But a warmer climate is a more energetic climate, with more extremes: more extremely pleasant winters, more extremely hot summers, even more extremely hot days. (The best climate models show the number of 100-degree days in an average Central Texas year doubling by 2050, from 13 now to 26.)

Another thought to keep in mind as you enjoy spring-like weather that people in Boston, Minneapolis and Seattle would envy, were they not too busy trying to keep warm: Central Texas is probably in for other kinds of extreme weather. The average summer rainfall totals are expected to drop 10 percent to 15 percent between now and 2050. And slow soaking rainfall will probably become less common, according to the climate models, while deluges – the kind that tend to produce flooding – will probably become more common.

Even so, people should not think of this winter as a gift that Central Texans will soon have to pay for. A warm winter does not mean a hellish summer is particularly likely, as there is “very little correlation” between winter and summer temperatures, state climatologist John Nielsen-Gammon told the American-Statesman.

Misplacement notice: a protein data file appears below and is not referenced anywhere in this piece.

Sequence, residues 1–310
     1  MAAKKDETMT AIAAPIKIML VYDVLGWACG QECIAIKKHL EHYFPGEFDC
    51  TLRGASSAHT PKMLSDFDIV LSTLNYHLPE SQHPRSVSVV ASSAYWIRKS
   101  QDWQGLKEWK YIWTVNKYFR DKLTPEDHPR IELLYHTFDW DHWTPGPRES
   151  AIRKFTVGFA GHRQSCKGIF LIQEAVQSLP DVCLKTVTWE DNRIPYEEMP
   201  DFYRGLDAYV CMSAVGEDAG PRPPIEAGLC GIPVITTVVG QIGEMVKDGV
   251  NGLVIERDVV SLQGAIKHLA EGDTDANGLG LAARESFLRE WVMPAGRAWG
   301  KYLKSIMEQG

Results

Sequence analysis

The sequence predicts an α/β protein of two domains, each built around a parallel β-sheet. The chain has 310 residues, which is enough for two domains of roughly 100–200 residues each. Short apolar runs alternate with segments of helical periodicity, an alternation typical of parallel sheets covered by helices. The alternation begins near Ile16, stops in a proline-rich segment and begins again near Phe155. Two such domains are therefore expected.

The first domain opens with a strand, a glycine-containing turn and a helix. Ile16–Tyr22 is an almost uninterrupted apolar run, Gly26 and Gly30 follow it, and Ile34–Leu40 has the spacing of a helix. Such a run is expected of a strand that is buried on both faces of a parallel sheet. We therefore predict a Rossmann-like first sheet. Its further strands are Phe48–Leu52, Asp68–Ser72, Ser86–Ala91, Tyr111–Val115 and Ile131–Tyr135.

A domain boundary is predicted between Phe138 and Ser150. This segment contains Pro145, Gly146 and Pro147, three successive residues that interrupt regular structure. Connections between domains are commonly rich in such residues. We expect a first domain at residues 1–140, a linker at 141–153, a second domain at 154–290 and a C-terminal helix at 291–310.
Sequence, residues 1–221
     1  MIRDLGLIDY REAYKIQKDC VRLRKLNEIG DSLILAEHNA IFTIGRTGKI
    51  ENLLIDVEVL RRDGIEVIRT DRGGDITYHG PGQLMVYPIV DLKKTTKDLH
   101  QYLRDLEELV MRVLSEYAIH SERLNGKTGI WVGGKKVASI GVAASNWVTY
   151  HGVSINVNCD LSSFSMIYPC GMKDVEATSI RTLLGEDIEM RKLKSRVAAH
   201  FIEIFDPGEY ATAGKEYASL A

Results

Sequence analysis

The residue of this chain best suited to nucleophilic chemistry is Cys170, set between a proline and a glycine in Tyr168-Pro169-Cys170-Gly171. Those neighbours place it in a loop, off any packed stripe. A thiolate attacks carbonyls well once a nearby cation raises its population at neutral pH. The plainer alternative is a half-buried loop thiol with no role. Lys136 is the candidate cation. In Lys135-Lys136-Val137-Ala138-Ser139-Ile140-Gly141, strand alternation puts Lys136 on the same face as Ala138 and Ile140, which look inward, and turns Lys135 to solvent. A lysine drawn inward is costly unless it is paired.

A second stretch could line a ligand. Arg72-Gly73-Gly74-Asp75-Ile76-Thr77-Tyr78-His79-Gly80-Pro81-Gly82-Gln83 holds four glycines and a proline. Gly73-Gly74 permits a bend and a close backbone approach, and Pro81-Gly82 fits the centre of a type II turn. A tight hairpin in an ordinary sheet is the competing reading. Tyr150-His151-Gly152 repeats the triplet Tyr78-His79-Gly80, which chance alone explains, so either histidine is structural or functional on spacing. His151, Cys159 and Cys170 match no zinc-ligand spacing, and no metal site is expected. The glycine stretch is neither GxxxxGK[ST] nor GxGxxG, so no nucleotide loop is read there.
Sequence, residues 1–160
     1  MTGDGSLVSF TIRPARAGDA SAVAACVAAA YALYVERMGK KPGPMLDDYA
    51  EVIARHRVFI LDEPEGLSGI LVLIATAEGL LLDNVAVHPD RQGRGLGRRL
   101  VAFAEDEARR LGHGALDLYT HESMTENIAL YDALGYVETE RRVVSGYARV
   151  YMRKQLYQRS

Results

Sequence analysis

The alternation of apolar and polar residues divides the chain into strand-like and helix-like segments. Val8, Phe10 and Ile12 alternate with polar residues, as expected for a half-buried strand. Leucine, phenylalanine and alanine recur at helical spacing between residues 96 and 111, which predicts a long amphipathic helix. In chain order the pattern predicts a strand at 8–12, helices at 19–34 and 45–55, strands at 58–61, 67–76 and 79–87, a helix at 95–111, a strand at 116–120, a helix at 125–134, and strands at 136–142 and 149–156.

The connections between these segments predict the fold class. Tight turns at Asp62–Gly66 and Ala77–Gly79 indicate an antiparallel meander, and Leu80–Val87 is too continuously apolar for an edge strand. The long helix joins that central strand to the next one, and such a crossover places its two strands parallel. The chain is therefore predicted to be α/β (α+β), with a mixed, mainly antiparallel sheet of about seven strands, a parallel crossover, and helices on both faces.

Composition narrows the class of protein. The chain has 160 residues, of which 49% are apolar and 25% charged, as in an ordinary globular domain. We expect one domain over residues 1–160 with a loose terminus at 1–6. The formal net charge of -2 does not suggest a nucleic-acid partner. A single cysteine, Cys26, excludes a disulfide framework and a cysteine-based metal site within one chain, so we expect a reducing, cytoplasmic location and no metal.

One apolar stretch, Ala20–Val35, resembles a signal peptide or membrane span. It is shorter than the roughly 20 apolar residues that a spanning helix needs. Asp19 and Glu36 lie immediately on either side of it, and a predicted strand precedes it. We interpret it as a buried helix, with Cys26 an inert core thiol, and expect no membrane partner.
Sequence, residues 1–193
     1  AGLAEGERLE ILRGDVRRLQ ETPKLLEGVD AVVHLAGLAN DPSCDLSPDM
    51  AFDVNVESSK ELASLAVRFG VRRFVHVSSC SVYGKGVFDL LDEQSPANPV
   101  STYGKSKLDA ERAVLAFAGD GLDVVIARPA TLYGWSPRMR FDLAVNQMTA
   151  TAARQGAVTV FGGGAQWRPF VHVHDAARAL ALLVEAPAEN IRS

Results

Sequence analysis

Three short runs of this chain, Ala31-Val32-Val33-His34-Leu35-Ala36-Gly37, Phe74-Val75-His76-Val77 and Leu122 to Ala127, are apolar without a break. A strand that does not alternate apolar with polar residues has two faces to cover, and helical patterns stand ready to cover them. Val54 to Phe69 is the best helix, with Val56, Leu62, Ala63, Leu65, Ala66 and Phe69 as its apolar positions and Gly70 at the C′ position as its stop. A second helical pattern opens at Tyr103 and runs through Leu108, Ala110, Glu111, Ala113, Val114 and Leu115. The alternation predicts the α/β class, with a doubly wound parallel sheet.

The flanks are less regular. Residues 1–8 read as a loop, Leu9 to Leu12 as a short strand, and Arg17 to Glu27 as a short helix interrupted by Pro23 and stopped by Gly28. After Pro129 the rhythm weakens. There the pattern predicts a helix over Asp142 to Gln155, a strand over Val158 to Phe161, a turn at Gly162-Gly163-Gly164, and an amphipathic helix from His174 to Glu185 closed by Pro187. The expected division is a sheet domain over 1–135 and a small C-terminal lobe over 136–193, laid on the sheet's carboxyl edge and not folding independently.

The Washington Post’s Capital Weather Gang also sought to assuage misgivings about the warm winter in its blog post. It argued that “feeling sad about it, while well-intended, is not necessary,” adding that the occasional “warm winter days are fortunate aspects of our climate, and their increase is one of few positive effects of climate change.”

The Post’s post also noted a New York Times piece about warm weather helping peoples’ mental well-being, as well as highlighting a study in Nature that found that “virtually all Americans are now experiencing the much milder winters they prefer.”

Even Katharine Hayhoe, the Texas Tech University climate scientist who has warned Austin of more extreme weather to come, told The Atlantic recently that people should enjoy the upside of climate change because enjoying it “doesn’t make it any better or worse than it would be otherwise.”

Perhaps this is the time to double down on one of the popular climate-change metaphors. A warmer planet may be a mixed bag – but even a mixed bag could hold more bad things than good. So for now, enjoy the early arrival of the bluebonnets.

Austin ends warmest winter on record, meteorologists say

 

Austin just experienced the warmest winter on record.

Photo by Jay Janner